The Rhine route

The scenic bicycle route north of Chur, Switzerland.
The scenic bicycle route north of Chur, Switzerland.
The valley widens as we continue north.

The sun was out again this morning, although everything that was not protected got a thorough soaking the night before during a noisy thunderstorm.

The high mountains are over for us and we followed Swiss Cycling Route 2 alongside the Rhine while the Alps watched us on either side. The Rhine is a strange river at this point. It churns and flows swiftly, especially after the rain and as higher temperatures melt the alpine snow. It is a chalky color and looks as if it has small particles in it. We have seen no one swimming in it, only one fisherman, and no boaters. But the bike path sure is flat and the scenery is amazing.

Barely, wheat, apples, grapevines abound in the fertile Rhine valley.
Barely, wheat, apples, grapevines abound in the fertile Rhine valley.

We had the wind behind us as the cold air from the mountains rushed down and pushed us along, and we moved along faster than the flowing Rhine. We found out later that as the day gets warmer, the wind reverses direction. This, we are told, is normal and expected. And it did.

The path started off in the woods and ended up on top of the dike that keeps the Rhine from roaming across the fertile farmland.

The Rhine is a chalky, greenish-white color. We have seen no one using the river for recreation.
The Rhine is a chalky, greenish-white color. We have seen no one using the river for recreation.

We diverted through a village here and there. At Lichtenstein we could not resist a visit to another country, the only one that lies completely within the Alps, and the first or second most prosperous in Europe, depending on your source.

Entering Lichtenstein.
Entering Lichtenstein.
image
Lichtenstein.
Leaving Lichtenstein.
Leaving Lichtenstein.

Lichtenstein is a principality (to this day) that was created back in the early 1700’s. The Royal family of Lichtenstein would not visit their principality for over 100 years. They would still reside permanently in Vienna until moving to Lichtenstein as World War Two began.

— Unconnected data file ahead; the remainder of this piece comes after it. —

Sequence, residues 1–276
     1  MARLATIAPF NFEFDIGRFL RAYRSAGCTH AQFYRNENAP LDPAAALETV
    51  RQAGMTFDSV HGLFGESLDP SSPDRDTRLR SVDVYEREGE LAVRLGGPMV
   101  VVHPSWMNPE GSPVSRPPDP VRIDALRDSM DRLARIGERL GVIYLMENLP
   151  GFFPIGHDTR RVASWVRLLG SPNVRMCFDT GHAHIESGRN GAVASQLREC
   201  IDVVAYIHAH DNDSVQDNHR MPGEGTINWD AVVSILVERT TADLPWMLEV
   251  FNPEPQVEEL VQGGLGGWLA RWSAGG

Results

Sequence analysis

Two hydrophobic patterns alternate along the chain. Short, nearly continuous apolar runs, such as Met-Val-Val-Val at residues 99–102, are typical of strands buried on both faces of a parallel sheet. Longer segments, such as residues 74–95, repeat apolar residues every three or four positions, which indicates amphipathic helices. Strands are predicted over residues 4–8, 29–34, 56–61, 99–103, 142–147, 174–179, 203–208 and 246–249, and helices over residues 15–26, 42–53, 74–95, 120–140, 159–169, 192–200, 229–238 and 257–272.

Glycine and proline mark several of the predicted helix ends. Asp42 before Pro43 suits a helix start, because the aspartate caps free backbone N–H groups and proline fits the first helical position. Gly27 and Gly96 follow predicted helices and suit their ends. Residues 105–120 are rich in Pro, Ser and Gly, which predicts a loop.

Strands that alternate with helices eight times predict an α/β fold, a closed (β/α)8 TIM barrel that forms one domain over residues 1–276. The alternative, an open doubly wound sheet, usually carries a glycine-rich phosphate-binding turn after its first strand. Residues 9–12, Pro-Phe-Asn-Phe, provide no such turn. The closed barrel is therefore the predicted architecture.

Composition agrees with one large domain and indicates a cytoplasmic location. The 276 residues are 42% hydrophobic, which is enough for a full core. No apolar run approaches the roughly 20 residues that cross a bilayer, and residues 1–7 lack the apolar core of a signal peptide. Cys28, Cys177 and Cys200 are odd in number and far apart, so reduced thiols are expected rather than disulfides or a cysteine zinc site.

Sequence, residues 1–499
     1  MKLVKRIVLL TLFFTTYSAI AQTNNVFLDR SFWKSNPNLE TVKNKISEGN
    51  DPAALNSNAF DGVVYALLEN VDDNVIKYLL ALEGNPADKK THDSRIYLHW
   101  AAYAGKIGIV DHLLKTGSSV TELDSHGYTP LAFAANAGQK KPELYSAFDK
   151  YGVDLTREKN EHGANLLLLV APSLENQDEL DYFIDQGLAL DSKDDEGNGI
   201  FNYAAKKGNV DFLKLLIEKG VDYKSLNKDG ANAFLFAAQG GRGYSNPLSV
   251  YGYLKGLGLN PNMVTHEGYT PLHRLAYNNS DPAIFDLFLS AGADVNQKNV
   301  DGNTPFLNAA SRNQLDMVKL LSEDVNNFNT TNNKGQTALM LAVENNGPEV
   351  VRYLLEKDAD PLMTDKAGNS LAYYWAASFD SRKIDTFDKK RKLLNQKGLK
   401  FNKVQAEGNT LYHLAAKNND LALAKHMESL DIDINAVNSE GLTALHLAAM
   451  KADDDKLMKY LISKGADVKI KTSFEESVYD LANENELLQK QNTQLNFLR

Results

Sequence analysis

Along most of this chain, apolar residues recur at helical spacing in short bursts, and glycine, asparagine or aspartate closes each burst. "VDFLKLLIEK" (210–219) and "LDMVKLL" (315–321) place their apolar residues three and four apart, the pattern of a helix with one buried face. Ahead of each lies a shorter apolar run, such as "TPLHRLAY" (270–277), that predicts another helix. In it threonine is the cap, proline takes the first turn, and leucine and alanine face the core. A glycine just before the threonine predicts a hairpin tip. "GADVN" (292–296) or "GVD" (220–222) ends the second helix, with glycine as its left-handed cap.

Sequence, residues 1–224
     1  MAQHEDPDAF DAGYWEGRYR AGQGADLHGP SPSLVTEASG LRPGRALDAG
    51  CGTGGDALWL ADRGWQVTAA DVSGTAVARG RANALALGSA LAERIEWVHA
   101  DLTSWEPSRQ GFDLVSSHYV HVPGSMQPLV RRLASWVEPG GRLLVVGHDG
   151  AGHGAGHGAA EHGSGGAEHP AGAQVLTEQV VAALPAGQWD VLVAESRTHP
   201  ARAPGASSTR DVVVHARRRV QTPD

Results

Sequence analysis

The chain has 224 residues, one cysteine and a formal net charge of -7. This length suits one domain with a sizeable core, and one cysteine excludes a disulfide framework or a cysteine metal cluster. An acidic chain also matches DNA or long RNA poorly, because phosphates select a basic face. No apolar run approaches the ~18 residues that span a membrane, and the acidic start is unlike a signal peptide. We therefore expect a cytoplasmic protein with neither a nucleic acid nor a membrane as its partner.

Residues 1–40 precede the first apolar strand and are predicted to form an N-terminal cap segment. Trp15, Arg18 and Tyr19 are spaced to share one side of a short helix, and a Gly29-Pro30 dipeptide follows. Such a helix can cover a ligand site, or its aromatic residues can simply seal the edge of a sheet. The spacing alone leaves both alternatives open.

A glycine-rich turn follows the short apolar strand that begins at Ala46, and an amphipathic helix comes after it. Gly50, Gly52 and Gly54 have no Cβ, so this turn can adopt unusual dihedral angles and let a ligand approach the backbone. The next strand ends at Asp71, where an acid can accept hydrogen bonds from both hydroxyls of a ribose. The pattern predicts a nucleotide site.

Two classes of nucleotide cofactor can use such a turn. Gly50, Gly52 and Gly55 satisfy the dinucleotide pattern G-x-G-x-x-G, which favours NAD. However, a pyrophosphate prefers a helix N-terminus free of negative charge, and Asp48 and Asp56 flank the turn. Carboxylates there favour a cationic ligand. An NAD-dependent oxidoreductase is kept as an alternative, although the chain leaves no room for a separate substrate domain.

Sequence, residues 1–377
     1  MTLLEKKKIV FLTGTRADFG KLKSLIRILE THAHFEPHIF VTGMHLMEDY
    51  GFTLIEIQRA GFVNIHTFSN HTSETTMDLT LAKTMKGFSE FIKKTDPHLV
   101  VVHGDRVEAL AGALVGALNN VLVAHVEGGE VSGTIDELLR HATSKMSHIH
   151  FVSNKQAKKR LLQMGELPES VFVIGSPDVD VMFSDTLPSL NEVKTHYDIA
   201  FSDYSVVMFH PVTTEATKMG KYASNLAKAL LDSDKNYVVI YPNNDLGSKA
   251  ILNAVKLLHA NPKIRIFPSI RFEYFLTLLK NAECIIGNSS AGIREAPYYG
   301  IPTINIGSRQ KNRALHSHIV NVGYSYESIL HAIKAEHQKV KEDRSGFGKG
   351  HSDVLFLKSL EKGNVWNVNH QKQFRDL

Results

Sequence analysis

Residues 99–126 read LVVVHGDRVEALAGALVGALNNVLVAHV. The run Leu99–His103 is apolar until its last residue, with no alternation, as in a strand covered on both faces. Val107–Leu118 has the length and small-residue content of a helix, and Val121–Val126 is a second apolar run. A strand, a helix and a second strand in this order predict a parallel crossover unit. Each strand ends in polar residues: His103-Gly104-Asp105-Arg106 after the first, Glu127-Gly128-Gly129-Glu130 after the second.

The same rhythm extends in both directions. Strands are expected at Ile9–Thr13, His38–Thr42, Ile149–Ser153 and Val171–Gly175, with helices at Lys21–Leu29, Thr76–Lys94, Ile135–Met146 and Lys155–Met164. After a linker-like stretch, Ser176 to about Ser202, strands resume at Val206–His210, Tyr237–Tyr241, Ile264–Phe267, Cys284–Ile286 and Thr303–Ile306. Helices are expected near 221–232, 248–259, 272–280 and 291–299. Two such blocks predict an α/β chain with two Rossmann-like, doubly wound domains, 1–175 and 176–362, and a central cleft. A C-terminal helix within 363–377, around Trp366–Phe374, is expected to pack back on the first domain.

One reason Lichtenstein is so rich because if you want your passport stamped, you must go to the tourist center and pay them 3 euros.

Our lodging for the night is at another “warm shower” host, the Rothis, Austria home of Christof and Elizabeth. They have graciously cooked us dinner and served us some of there home made wine.

We are having a wonderful time interacting with our Warm Shower hosts.  Christof and Elizabeth have a beautiful house up a small hill. the entire small yard has been turned over to a jungle of fruit trees, grape vines, and vegetables. They have a small pond that is fed by a mountain spring and we took a quick dip in it before dinner. Over dinner we talked about Austria and Europe,  and our families.

Christof and Elizabeth, Rothes, Austria.
Christof and Elizabeth, Rothes, Austria.
Tom and Christof enjoy an invigorating dip in the spring-fed pool.
Tom and Christof enjoy an invigorating dip in the spring-fed pool.
Christof served us much home-made foods, including his red wine.
Christof served us much home-made foods, including his red wine.
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6 thoughts on “The Rhine route”

  1. Warm Showers is an organization that can be found easily on line. Tom and Ginny have been warm shower hosts for years. Living at the crossroads of two map cycling trails in Missoula, they have hosted hundreds of cyclists.

    1. On an unrelated topic, I just narrated a video of the twin’s pre-school graduation. (I was the only relative who could make it today.)

      I’m not sure if I was horrified or delighted to see that I completely sound and look like you in the video. Emma cracked up when she saw it.

      What, are we related?

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